The Scout Report -- Volume 13, Number 8

March 2, 2007

A Publication of the Internet Scout Project
Computer Sciences Department, University of Wisconsin-Madison
Sponsored by University of Wisconsin - Madison Libraries.

Research and Education

General Interest

Network Tools

In The News

Research and Education

Active Living by Design [pdf]

Members of the public health community and those from the world of urban planning have teamed up to create the Active Living By Design program, and by extension, this fine website. With funding from the Robert Wood Johnson Foundation and an academic home at the University of North Carolina at Chapel Hill School of Public Health, the program was created to increase physical activity through community design, public policies and communications strategies. On the sites homepage, visitors can browse through sections that include information on Active Living Essentials, Active Living Programs, and Active Living Resources. The Essentials section is a good place to start as visitors can learn about the organizations major fields, which include information on the links between physical activity, urban design, and health. Visitors who are looking to learn about the specific on the ground programs will want to look over the Community Partnerships area, as it contains information on initiatives in Chicago, Nashville, Orlando, and Cleveland. [KMG]

Stanford Institute for Economic Policy Research [Windows Media Player, iTunes, pdf]

The Stanford Institute for Economic Policy Research (SIEPR) has a rather distinguished pedigree, as one of the prime instigators who lobbied for its creation was noted statesman and economist George Schultz. He, along with others, wished to create a center at Stanford where economic scholars could come together to discuss their research, and in 1982, SIEPR was born. While economists will certainly appreciate the working papers and other related materials on the site, there is plenty for more casual users as well. To begin with, there are the SIEPR Podcasts, which include conversations about the long-term impacts of the events of 9/11 and inflation in both China and the United States. Along with these podcasts, visitors will also find webcasts of related conferences, symposia, and seminars on a wide range of topics in economics. The site is rounded out by a calendar of events and a place where interested parties can provide feedback to staff members at SIEPR. [KMG]

The Beginners Guide to Nation-Building [pdf, Macromedia Flash Player]

Nation building is a difficult process, and creating a suitable template that could be used in a host of different regions around the world seems practically impossible. A team of three scholars at the RAND Corporation has recently completed their 330-page scholarly exploration into this complex subject. Drawing on experiences from 16 US- and UN-led nation-building operations since World War II, the report deals with the various constituent elements of any nation-building mission, including the rule of law, governance, and economic stabilization, among others. Visitors also have the opportunity to watch an interview with one of the reports authors, James Dobbins, and if pressed for time, they can also look at a research brief which summarizes recommendations from the complete report. [KMG]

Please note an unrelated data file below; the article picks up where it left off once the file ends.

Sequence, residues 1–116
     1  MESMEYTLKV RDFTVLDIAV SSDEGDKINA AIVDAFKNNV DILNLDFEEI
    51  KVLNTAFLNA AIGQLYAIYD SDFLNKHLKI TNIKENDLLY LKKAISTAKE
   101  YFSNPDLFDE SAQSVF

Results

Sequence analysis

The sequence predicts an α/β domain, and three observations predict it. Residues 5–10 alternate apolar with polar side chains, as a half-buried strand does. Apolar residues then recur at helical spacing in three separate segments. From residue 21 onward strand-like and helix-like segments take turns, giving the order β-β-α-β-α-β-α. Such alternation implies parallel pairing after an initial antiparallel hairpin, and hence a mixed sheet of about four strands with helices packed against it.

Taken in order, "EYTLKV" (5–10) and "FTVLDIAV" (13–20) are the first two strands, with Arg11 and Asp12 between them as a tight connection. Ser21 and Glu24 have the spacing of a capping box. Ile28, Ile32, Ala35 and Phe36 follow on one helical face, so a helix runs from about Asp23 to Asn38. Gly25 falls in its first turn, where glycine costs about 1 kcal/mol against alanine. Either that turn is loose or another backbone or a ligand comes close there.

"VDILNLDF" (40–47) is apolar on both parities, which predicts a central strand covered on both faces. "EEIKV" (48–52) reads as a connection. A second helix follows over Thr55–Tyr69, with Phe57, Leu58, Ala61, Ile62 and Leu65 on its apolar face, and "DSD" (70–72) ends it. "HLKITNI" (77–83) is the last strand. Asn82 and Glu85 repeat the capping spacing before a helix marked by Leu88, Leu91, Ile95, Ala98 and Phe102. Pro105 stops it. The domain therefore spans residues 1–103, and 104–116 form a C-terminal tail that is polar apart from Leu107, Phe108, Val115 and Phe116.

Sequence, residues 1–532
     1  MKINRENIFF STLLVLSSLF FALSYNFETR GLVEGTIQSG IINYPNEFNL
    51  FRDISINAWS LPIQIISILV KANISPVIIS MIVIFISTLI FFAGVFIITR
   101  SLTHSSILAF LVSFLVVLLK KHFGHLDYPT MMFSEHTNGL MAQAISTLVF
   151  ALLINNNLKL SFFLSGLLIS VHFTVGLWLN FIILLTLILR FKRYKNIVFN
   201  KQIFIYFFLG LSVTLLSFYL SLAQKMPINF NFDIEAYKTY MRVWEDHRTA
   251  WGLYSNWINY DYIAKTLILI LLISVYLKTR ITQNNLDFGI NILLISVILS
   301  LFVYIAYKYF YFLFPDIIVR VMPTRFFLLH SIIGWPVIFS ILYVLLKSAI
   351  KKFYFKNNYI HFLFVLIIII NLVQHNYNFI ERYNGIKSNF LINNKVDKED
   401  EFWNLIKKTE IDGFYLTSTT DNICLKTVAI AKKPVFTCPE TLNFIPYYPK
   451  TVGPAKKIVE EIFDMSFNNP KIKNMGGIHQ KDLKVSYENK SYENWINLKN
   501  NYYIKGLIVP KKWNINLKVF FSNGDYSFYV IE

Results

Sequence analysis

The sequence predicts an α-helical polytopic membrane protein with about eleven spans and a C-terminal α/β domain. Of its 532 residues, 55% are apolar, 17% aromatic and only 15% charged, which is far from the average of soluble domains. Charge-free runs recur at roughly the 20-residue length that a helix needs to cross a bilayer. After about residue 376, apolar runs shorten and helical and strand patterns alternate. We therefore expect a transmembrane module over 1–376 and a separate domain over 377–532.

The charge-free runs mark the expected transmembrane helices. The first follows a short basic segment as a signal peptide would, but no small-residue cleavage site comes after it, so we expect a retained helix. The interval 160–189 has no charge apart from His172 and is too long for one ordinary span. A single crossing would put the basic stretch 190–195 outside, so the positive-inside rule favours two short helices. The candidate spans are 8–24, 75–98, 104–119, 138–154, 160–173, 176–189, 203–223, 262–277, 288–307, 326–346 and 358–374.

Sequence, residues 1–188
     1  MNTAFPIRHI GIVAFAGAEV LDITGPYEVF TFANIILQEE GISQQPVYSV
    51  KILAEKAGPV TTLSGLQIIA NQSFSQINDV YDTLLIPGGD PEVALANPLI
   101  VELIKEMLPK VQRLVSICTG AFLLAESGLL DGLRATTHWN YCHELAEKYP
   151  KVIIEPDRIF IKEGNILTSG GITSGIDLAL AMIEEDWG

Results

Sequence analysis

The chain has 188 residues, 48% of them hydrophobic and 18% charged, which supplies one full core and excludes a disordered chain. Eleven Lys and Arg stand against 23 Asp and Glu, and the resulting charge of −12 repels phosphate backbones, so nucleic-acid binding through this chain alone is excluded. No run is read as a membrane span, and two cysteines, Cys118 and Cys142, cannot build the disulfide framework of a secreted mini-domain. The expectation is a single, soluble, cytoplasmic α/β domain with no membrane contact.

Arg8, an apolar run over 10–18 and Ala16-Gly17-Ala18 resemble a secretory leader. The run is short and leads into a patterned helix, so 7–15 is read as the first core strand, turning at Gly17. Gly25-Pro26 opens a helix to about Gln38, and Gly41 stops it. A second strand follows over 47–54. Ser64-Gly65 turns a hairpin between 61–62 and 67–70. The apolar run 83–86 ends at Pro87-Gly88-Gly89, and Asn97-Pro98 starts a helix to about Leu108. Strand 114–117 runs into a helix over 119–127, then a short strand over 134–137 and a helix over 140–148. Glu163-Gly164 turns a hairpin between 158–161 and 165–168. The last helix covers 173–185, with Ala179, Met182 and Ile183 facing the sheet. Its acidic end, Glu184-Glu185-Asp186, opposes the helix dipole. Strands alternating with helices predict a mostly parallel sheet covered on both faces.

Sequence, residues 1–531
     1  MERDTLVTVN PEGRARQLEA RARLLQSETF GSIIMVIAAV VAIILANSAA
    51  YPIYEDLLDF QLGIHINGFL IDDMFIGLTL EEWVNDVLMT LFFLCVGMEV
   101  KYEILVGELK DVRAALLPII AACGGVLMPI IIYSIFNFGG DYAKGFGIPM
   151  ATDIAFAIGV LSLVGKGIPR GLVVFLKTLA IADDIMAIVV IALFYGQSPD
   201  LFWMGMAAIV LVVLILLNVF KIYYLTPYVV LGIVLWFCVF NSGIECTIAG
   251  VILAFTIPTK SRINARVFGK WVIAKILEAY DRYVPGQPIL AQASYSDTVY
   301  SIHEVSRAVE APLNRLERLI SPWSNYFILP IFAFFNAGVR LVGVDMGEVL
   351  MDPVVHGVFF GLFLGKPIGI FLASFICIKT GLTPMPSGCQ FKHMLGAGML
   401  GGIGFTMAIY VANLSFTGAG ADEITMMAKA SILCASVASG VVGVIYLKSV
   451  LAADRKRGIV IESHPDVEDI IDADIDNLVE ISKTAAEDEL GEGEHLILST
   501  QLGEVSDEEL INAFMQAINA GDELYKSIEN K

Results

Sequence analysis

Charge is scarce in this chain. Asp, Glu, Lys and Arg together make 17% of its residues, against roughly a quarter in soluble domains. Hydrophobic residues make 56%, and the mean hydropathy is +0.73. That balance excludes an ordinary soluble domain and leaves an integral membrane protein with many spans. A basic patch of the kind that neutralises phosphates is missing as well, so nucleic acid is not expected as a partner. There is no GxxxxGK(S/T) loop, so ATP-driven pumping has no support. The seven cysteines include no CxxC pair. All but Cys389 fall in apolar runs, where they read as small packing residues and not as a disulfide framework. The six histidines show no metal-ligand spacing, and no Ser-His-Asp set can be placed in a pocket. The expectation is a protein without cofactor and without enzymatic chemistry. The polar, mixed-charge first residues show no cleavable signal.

Brooklyn Museum: Mut Precinct

The entire borough of Brooklyn has never been able to make a collective trip over to the Mut Precinct in Egypt, but fortunately a number of very talented individuals working for the Brooklyn Museum have been going that way for over thirty years. The Temple Precinct of the Goddess Mut (pronounced Moot) has been an important religious site for almost two thousand years, and on this website, visitors can learn more about the archaeological work going on there. Visitors can read entries from the Dig Diary from the past few years; the diaries are weekly photo journals that follow the teams activities and work in the field. For users who would like to see more photos of the Mut precinct, they can also look through the sites photo project section, which features photos that have been uploaded to the Flickr website. [KMG]

International Reading Association: Web Resources

Working together with a wide range of partners, the International Reading Organization has created this fine website that brings together hundreds of resources related to reading in all its forms and varieties. The materials and links presented here are divided into four primary sections, including Teaching Tools, Issues in Literacy, and Literacy Community. The Teaching Tools section contains lesson plans, a number of thematic booklists, and resources for parents. The booklists are well worth a look, as they feature lists compiled by children themselves and young adults. Moving on, the Issues in Literacy area includes access to Reading Today Daily, which features stories about reading and instructional issues and a selection of relevant reports on the state of reading. Finally, the Literacy Community area contains a number of online discussion forums, information about upcoming events throughout the literacy policy world, and a categorized collection of external links. [KMG]